Crazy Mary drops the red and blue stars
she found in a bin
every time she ventures further
than four blocks from her crawlspace under the warehouse.
If a hard rain or high winds rush away the stars,
the world is a terrifying blur.
She can’t find her back until a star
falls from a tree or comes dislodged
from a forgiving bench.
Sometimes she has to sleep in the open,
no box or newspapers for warmth
or protection from groping hands in the night.
She’s forty now, but looks sixty—
a gaping hole where front teeth used to be.
Her hair has gone silver, her skin become parchment.
Once she’d been the Homecoming Queen
and married her sweetheart out of high school—
he beat her when the voices came.
Thorazine was supposed to cure her, stop
the voices, but drugged her instead.
They wanted to up the dose,
put her into a nursing home,
turn her into puddle of drool.
She took to the streets.
She doesn’t mind.
She has work to do.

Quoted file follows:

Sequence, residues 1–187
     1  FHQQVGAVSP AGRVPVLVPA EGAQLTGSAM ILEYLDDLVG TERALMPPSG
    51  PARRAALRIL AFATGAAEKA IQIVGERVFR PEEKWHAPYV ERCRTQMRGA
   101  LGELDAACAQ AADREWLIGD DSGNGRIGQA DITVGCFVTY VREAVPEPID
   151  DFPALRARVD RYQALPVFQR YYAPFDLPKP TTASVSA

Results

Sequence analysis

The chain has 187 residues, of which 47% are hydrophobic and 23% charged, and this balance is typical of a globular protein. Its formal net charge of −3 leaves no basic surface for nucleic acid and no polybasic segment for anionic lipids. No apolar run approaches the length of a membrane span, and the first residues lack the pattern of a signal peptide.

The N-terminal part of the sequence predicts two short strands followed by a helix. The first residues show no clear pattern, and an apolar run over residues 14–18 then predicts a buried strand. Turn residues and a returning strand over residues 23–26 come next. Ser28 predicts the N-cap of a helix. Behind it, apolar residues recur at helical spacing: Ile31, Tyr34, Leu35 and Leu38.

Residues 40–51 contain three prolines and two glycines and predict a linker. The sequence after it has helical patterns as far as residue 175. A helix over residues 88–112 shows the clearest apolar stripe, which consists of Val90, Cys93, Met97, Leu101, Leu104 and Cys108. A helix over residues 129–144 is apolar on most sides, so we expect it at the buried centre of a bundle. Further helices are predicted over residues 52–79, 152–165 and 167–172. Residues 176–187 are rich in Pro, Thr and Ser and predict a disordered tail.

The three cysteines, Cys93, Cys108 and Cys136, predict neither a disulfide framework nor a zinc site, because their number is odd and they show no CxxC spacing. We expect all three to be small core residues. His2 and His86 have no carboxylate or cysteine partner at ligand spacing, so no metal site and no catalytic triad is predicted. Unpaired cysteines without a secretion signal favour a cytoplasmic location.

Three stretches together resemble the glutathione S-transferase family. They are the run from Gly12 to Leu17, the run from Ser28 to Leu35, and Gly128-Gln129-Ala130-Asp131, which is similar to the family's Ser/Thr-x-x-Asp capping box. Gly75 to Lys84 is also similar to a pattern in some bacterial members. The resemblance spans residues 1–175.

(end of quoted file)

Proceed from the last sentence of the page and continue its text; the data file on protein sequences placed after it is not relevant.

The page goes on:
She has to meet with the aliens,
talk them out of their planned attack.
She saves the world daily,
but nobody knows.
Poetry by Pris Campbell has appeared in such journals as PoetsArtists, Empowerment4Women, The Outlaw Poetry Express, Rusty Truck, The Dead Mule and many others. She has published seven collections of poetry, six in the small press and one, a collaboration, with Clemson University Press. Her 2009 book, Sea Trails, is based on her 1977 six month trip from Boston to Florida in a 22 foot sailboat.. A former Clinical Psychologist, she was sidelined by ME/CFS and has led a far quieter life since 1990. She now lives in the Greater West Palm Beach, Florida.